Due to existing inequalities and disadvantages, micro-finance has been hailed as an effective poverty alleviation and developmental tool for African communities, particularly for female recipients. Components of micro-finance include micro-credit, micro-savings and micro-insurance services. The provision of microfinance enables aspiring female entrepreneurs to increase their income or expand their businesses.
Furthermore, the gender gaps in income, asset ownership and education mean that women are the least likely to access credit from formal institutions. Without assets to hold as collateral, women are unable to get traditional loans. Low levels of education and the gender wage gap, along with high household spending burdens, reduces women’s capacity to save their income for either investment or emergencies.
The NEPAD Spanish Fund for African Women Empowerment provided disbursements to projects which provided seed capital for the establishment of small and micro businesses; provided micro finance at low interest rates to female entrepreneurs with viable business plans; facilitated collaboration with local micro-financing projects and private banks; provided training on the efficient utilisation of micro-finance; promoted the establishment of rural savings and loans associations and the development of new micro-finance delivery systems for female entrepreneurs. The outcomes of these projects are consistent with the Millennium Development Goals (MDGs) in Africa, and subsequent Sustainable Development Goals (SDGs) which consider gender equity, equality and women’s economic empowerment as pre-conditions for sustainable growth.
Key lessons learned from the projects:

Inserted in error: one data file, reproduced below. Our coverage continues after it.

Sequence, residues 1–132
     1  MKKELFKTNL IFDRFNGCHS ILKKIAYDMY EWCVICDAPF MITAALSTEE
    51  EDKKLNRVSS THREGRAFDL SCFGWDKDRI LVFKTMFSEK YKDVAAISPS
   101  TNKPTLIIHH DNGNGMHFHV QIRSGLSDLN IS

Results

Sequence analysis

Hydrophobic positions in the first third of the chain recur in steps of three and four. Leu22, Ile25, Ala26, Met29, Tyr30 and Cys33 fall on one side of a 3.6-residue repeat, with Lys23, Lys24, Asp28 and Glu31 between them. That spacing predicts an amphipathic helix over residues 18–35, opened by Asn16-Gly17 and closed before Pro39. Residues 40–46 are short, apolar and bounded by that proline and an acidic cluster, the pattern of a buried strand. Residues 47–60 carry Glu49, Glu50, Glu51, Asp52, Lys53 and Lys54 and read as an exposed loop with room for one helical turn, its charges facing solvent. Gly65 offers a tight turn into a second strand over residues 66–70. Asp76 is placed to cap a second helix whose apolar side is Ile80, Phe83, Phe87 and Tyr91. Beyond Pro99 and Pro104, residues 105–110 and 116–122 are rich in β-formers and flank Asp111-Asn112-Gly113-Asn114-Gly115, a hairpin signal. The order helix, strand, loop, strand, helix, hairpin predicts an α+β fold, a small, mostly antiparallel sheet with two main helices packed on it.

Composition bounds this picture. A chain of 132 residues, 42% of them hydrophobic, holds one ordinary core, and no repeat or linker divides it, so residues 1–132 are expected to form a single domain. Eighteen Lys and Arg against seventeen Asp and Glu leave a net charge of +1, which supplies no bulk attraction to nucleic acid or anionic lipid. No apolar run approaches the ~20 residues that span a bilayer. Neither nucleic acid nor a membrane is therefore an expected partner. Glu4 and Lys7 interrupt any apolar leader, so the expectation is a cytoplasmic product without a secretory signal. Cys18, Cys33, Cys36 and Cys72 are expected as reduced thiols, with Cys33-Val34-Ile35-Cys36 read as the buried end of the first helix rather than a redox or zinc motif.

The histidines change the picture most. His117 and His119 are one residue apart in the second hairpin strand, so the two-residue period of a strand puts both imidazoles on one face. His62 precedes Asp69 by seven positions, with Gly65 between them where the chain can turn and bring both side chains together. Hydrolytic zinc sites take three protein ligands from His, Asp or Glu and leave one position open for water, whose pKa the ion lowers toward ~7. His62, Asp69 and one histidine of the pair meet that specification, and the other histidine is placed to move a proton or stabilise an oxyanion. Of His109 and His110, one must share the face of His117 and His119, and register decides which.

- Implement policy interventions that promote an enabling environment for women to access micro-credit
- Address cultural and religious dynamics with respect to issues relating to loans
- Improve literacy and numeracy competencies among women to ensure effective use, peer-monitoring and accountability of the micro-credit
Implement policy interventions that promote an enabling environment for women to access micro-credit
Future micro-credit projects should prioritise advocacy efforts that lobby for change in governmental policies regarding the provision of and access to micro-credit for African women. An example of this was the project undertaken by the Centre for African Women and Economic Empowerment (CAWEE), which promoted women’s entrepreneurship and economic empowerment through organising consultative forums, which addressed the challenges faced by Ethiopian women entrepreneurs. Policy ideas and workable recommendations were developed by members of parliament, women’s associations, local and international NGOs as well as by academics. ENAT Bank, which focuses on providing financial products and services to aspiring business women, was established as a direct result of the forums. This has benefitted thousands of Ethiopian women. An important component of the success of this project was the collaboration with various stakeholders to ensure that solutions were feasible, viable and effective.
Another illustration of policy intervention that promotes women’s access to micro-credit was the project undertaken by the Kenyan Centre for Land, Economy and Rights of Women (CLEAR). The group oversaw three pilot projects, one of which centred on the Bar K’Obala women’s group in Kenya. The women’s group was given access to micro-credit from the Kenyan Equity Bank’s micro-credit programme, thus allowing for members of the group to buy critical inputs to their farming initiatives. CLEAR’s work is anchored in influencing policy, research, advocacy and networking and capacity building on women’s land rights. The key insight gained by CLEAR from the Bar K’Obala women’s group, was the importance of policy changes and reform in providing economic empowerment to women through micro-credit. These policy changes embody necessary aspects of sustainable change, in that they enable women to improve their own circumstances and give women the ability to make their own financial decisions.
Address cultural and religious dynamics with respect to issues relating to loans